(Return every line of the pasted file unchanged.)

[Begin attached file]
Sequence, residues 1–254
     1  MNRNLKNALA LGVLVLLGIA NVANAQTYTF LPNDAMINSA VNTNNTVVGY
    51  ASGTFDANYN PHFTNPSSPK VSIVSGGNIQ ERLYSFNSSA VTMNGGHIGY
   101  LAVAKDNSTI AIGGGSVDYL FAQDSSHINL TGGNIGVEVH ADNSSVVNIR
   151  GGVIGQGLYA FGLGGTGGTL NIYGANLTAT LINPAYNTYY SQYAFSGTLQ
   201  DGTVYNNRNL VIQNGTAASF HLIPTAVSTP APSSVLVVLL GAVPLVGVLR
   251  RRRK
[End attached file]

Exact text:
Sequence, residues 1–254
     1  MNRNLKNALA LGVLVLLGIA NVANAQTYTF LPNDAMINSA VNTNNTVVGY
    51  ASGTFDANYN PHFTNPSSPK VSIVSGGNIQ ERLYSFNSSA VTMNGGHIGY
   101  LAVAKDNSTI AIGGGSVDYL FAQDSSHINL TGGNIGVEVH ADNSSVVNIR
   151  GGVIGQGLYA FGLGGTGGTL NIYGANLTAT LINPAYNTYY SQYAFSGTLQ
   201  DGTVYNNRNL VIQNGTAASF HLIPTAVSTP APSSVLVVLL GAVPLVGVLR
   251  RRRK